Sleeping problems can be a nuisance, and can also be detrimental to your health.
Do you snore loudly?
Do you notice or have you been told of any leg or arm twitching, which cause sleep disturbance?
Have you been told that you gasp for air or stop breathing at night?
Do you wake up with a headache?
Do you feel tired during the day?
Do you fall asleep at inappropriate times, such as while driving or during a meeting?
Do you nap frequently during the day? And, if so, are the naps refreshing?
to any of the above questions, you may be suffering from a sleep disorder. Describe your sleeping problems to your health care provider. Try to keep a daily sleep diary for a week or two. Write down the time you go to bed, the time you wake up and anything that seems to affect your sleep. This information, along with a Sleep Study, will enable your health care provider to best treat your specific condition.
There are many different types of sleep disorders. The Sleep Study will help determine the exact nature of your specific condition. Some common types of sleep disorders are: Obstructive Sleep Apnea (when a person stops breathing repeatedly during sleep); Insomnia (characterized by the inability to fall asleep, stay asleep, or both); Periodic Leg Movements (brief muscle contractions that cause leg jerks, which can arouse an individual just enough to provide the perception of light or restless sleep); Narcolepsy (excessive daytime sleepiness with recurrent daytime naps). If left untreated, sleep disorders can cause serious health risks. These risks include: high blood pressure, heart disease and heart attack, stroke, fatigue-related motor vehicle or work accidents and decreased quality of life.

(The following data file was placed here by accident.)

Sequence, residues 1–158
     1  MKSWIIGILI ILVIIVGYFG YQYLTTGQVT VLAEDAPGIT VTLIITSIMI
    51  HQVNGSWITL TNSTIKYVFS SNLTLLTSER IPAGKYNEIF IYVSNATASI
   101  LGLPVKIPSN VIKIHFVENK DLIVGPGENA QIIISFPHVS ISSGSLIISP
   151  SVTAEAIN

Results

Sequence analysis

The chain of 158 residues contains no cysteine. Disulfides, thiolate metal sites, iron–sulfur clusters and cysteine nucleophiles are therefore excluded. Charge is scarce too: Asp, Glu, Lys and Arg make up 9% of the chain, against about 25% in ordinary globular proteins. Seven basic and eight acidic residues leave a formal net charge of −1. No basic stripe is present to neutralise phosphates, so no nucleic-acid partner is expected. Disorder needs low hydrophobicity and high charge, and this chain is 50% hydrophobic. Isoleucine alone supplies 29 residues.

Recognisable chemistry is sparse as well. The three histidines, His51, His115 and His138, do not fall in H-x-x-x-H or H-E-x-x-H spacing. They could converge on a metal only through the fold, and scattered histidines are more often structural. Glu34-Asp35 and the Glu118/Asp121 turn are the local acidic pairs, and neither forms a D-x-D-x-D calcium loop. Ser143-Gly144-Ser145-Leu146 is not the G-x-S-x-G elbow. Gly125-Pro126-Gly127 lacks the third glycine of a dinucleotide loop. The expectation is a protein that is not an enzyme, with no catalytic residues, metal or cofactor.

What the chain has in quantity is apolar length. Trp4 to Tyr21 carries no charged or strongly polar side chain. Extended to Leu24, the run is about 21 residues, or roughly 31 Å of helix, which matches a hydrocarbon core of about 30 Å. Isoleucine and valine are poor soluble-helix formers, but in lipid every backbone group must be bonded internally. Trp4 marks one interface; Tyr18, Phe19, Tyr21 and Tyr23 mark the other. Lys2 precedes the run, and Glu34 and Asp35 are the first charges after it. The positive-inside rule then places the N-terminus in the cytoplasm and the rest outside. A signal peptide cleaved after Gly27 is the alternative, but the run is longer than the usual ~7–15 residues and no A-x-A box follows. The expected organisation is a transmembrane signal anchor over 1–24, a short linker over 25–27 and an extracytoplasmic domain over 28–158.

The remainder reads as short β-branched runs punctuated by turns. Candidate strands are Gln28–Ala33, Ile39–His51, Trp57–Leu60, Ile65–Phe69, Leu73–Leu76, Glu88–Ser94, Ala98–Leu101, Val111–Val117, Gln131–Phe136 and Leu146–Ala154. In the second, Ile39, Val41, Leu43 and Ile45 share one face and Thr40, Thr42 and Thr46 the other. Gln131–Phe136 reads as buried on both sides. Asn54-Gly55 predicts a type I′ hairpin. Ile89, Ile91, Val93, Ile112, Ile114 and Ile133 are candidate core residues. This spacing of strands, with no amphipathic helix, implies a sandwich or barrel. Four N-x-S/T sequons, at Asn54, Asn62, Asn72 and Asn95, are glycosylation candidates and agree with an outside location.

Most people benefit from a specific course of treatment as recommended by their physician; however, some may benefit from some general guide lines:
Diet, if you're overweight
Avoid alcohol within 2 hours of bedtime
Avoid sleeping pills
Take medications cautiously
Sleep on your side
Specific treatments for sleep disorders may include: CPAP (continuous airway pressure provided to keep the nasal airway passage open during sleep); Supplemental Oxygen; Medication (to stimulate muscles around the throat to keep upper airway from collapsing); Mouth devices (to help keep airway open during sleep); Surgery (to correct physical abnormalities that may compromise breathing during sleep).
A referral from your primary doctor to the Franciscan Health Rensselaer Sleep Lab is required in most cases. The sleep study is covered by most medical insurances. The Sleep Lab incorporates the latest "state of the art" digital technology in making an accurate diagnosis of the sleep disorder. The sleep studies are performed by appointment only. Patients arrive at Franciscan Health Rensselaer and register between 8:30 - 9:00 p.m. They are generally ready to leave between 5:00 and 6:00 a.m. the following morning. The connection of the electrodes takes about one hour. The Sleep Lab is open 3 nights per week.
If you would like more information, or have any questions, about the Sleep Lab or sleep disorders, please call 219-866-5141, extension 2452.